Before any carpeting was to be installed, I wanted to get the theater ceiling and hallway painted, this way I didn’t have to worry about covering the floor. Per a recommendation from AVS, I used a grey primer for the ceiling and tinted primer for the hallway. The final ceiling color is Sherwin Williams Tricorn Black and the hallway used Beach House to match the rest of our basement. In hindsight, the grey primer was a bit thicker than I anticipated and I believe led to some of the brush strokes that can be seen in direct light. The strokes aren’t too bad and are nearly invisible when watching a movie.
Never having done soffits before, I did a lot of research on AVS. The purpose of the soffits in this theater was multi-fold; hide the HVAC supply ducts, act as an HVAC return duct, and provide a light tray for upward rope lighting. Using 2x2s and MDF, I installed the soffit around 3 sides of the room, installing the flex duct toward the front of the room and the return in the rear. Instead of painting, I wanted to wrap the soffits in fabric and this allowed me to build the tray portion at the same time. With the fabric stapled to a border piece, installation continues and the fabric gets stretched to the wall.
The riser and stage are two components that really start to bring character to the room. To get enough height for the 2nd row of seats, the riser was built out of 2x12s and the stage used 2x10s. Once framed, the stage was filled with sand to help dampen the front speakers and subwoofer while the riser was filled with insulation. A couple layers of plywood and roofing felt finished off the tops and they would be ready for carpet.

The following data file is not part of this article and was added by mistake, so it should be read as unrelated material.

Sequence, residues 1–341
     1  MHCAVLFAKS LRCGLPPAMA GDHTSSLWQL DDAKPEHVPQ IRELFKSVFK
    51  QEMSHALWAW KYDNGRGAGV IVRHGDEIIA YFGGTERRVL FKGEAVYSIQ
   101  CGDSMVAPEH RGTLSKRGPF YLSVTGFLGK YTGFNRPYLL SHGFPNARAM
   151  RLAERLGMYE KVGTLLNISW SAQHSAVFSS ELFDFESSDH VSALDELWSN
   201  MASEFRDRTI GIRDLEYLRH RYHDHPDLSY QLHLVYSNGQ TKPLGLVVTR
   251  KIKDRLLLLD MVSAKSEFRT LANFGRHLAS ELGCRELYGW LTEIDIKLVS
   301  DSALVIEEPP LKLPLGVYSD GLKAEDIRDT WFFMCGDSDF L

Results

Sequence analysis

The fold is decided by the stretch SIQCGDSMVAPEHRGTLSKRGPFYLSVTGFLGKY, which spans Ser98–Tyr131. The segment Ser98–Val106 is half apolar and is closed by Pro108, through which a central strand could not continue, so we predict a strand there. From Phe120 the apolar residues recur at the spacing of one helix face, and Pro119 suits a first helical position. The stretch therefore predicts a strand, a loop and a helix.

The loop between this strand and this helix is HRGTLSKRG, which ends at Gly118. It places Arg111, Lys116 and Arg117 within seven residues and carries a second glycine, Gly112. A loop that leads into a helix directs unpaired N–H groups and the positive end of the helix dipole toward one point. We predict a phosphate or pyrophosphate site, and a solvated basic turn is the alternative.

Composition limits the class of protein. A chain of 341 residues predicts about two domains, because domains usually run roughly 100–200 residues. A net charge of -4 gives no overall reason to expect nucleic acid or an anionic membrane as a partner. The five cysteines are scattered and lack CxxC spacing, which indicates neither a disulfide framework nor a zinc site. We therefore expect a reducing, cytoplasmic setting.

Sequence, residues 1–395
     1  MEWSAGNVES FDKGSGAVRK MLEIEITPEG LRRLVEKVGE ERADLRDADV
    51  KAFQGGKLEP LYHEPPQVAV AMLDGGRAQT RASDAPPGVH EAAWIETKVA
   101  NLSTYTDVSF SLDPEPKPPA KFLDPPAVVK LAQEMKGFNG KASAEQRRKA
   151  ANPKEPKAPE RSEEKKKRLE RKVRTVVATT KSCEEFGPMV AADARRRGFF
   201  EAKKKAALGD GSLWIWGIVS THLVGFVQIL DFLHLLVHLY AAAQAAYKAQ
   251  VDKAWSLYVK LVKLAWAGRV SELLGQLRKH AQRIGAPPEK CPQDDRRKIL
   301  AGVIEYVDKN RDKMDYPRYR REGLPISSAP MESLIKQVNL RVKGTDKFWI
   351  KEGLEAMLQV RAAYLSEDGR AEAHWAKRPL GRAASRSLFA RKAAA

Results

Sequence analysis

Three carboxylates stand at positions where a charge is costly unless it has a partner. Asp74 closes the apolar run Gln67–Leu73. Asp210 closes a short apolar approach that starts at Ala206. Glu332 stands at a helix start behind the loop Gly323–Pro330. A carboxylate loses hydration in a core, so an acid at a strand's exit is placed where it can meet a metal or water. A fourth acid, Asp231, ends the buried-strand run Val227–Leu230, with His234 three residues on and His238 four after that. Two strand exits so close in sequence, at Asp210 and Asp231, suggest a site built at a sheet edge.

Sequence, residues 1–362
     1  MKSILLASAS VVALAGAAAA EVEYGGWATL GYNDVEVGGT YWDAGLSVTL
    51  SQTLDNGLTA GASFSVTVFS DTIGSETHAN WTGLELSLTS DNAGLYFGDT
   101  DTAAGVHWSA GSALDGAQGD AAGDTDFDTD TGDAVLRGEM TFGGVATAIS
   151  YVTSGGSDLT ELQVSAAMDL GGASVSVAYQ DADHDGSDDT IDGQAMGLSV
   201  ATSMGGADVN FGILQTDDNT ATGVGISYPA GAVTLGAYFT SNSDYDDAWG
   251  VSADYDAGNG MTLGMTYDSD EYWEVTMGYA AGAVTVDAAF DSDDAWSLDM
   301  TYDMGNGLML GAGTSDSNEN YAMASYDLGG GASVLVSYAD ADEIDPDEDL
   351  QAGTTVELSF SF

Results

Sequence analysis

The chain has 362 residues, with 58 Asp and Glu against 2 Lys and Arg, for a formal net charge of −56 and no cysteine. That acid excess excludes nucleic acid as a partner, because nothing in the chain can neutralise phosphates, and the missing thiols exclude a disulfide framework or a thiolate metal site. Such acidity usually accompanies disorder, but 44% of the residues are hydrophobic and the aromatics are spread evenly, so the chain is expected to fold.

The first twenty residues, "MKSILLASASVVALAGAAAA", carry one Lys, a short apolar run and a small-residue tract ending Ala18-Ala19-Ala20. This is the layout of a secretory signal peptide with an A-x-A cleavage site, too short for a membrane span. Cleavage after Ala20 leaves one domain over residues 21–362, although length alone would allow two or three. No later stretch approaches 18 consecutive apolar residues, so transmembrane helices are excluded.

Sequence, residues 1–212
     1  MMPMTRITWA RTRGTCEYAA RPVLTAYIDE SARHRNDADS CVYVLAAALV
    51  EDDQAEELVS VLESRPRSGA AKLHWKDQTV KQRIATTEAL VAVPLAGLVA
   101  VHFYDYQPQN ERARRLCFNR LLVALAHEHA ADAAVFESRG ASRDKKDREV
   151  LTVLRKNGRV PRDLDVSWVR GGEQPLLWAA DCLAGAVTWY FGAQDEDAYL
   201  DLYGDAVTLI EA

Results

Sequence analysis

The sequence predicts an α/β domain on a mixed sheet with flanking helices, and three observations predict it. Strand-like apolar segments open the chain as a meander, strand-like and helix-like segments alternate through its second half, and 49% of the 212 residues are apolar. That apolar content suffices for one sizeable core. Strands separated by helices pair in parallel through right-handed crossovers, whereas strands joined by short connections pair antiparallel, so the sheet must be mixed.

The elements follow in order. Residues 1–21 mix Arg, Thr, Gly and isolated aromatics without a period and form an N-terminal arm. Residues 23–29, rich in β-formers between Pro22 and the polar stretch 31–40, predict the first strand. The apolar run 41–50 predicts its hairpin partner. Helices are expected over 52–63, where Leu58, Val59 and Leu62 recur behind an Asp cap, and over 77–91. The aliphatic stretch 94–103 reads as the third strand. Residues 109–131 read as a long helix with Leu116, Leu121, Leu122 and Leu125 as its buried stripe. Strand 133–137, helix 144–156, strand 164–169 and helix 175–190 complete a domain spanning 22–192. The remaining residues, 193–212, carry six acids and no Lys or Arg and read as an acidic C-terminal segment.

One of the best moves I made during this project was the hiring of a contractor to install the drywall and to mud and tape the seams. For soundproofing, 5/8″ drywall was used in two layers, with Green Glue sandwiched in between. It was amazing to watch only two guys put everything in place and only one piece in the entire job had to be recut. The really amazing part was how good the arches in the hallway came out. These guys did an amazing job. One thing you might also notice, the double doors that were once in the front of the room were removed and “walled” over. You would never even know it was once there.
With framing completed, it was time to run electrical for the lights, posters, equipment, etc. and the low voltage cables for video, audio and networking. As part of the soundproofing efforts, I built backer boxes for any can lights and wrapped puddy pads around the electrical boxes. Most of this was probably overkill, but once drywall is up, it’s hard to go back and do it if needed.
While cruising the forums at AVS, I came across a Theater done by DJMarceau. (here) DJMarceau had done some curved arches in his lobby that he was using to display his Lord of the Rings collectables. I thought the arches would be perfect for the lighted posters I planned so I decided to duplicate his work. Having previously modeled my hallway in Google SketchUp, I was able to get the exact diameter of the arch and rudimentarily transferred that to some plywood with an RCA cable I had laying around. 🙂 Once traced out, I cut out two identical pieces used 2×4 pieces as spacers. As you’ll see, the drywallers performed the magic to make them look awesome.